Roatan’s Beauty, Truth & Wisdom
Charles George.

Charles George, a Long Time Roatan Resident, Passes Away

Charles George, or Vegas like most people knew him, a Roatan entrepreneur, a mentor and a good friend to many has passed away after a bout with cancer on April 18 in Tampa, Florida. Vegas was a full of life, hard-working, generous man who helped hundreds of people during his adventurous life. Vegas was a man of principle and he helped to instill many of these principles in his Vegas Electric employees, fellow AA members and friends.

Charles George was born on March 24, 1949 in in Chicago, Illinois. He grew up on a farm in southern Iowa where together with his siblings he helped his parents, Louis and Marian George, to “raise hogs which enclosed with a six-volt electric fence.” When Vegas was about three-four years old, he learned about the intricacies of electricity the hard way. “He reached up to the fence to pull himself out, but of course he got a shock, let go and fell back into the puddle. He tried it again, got another shock and, plop, back into the mud puddle. Never one to give up easily, it took a couple more tries,” remembered his brother Mike George.

Mike looked after his younger brother who proceeded to take apart every radio and alarm clock; he could get his hands on. “He had to take everything apart to see the ‘electricity.’ “I always thought that (…) curiosity never left him,” wrote Mike George.

Vegas graduated from Maryville High School, in in Maryville, Missouri in 1967. Opposed to the Vietnam War, Charles was briefly married and moved to Tampa, Florida to become a shrimp boat captain.

Jack Peters, a life-long friend met Vegas around 1970 at the Tampa Shrimp boat docks, where Vegas was one of the youngest boat captains. The two moved around working on shrimp boats from Key West to Brownsville, Texas. Once-a-year Charles and Jack would ride motorcycles together on long-distance adventures; Vegas rode on his trusted R90 BMW. “He had an excellent memory for places and directions. Sometimes being able to recall routes from travels he had made years earlier,” remember Vegas Jack.

“He had this nickname from his teenage years because he always liked to play cards. When he started doing electrical work, someone referred to him as ‘Vegas electric’,” remembers Charles Sheli Heil, Vegas’ friend and business partner.

Vegas’ life took an about turn when in the mid-1980s when he came to Roatan. In 1987 Vegas founded Vegas Electric, Roatan’s first electrical company to followed US standards of quality in workmanship and professionalism. “The first Vegas Electric project involved the installation of a custom-fabricated generator switch gear for a seafood processing plant,” remembers the early days Heil.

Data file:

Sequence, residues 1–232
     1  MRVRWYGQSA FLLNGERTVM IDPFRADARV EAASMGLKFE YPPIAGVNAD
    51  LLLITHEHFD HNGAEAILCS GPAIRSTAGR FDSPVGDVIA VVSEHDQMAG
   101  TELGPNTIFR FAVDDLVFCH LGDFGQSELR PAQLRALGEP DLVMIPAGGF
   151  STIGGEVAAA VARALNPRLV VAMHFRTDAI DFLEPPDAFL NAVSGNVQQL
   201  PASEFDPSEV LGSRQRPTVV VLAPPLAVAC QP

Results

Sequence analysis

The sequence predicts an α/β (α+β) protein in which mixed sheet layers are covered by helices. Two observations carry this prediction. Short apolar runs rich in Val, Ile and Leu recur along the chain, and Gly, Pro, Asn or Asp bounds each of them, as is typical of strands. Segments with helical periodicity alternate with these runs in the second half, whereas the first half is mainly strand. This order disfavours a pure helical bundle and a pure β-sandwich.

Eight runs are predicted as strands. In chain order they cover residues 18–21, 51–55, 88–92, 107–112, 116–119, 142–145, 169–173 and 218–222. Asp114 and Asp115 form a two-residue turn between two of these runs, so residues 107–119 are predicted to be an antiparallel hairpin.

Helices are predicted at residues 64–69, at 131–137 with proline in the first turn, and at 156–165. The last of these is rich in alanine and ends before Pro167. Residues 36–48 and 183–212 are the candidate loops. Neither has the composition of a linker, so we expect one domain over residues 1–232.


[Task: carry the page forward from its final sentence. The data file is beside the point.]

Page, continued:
He had this nickname from his teenage years because he always liked to play cards.  When he started doing electrical work, someone referred to him as ‘Vegas electric.”

Charles pursued many other projects and passions. As a certified electrical engineer for 25 years Vegas was an overseas representative for Project Trust. He looked after hundreds of young volunteers that came to Honduras. “He established his company as a pioneer in promoting solar and wind power green energy here in the islands,” remembers his old-time friend Erick Anderson.

In 1993 Vegas begun an Alcoholics Anonymous group on Roatan and help dozens of people in their struggle with alcohol addiction and helping them on their road to sobriety.

Vegas was also instrumental in starting up Bay Islands Conservation Association. “A steadfast guy that always had a knack to do the right thing,” said about Vegas Erick Anderson.

Over the years Vegas mentored many people in AA and at his electrical business. One of them was Edy Zelaya who begun working as an intern at the Vegas Electric in 2001. Vegas soon recognized in Edy an honest, talented and ready to learn individual. “He became a mentor to me and my family, the father that I never had and that I never knew,” remembers Vegas Edy Zelaya. “He and I did so many successful projects, traveled to many countries, we enjoyed talking, we got mad, we hurt our feelings, we cried together, we laughed a lot.”

Charles George, leaving a legacy of professionalism and mentor ship, is missed by his siblings Michael and Ruth Anne Lacky, employees of Vegas Electric and a great number of Roatanians. “If a man’s wealth can be measured by the people he touched in this life, Vegas was a very rich man,” said about Vegas Heil.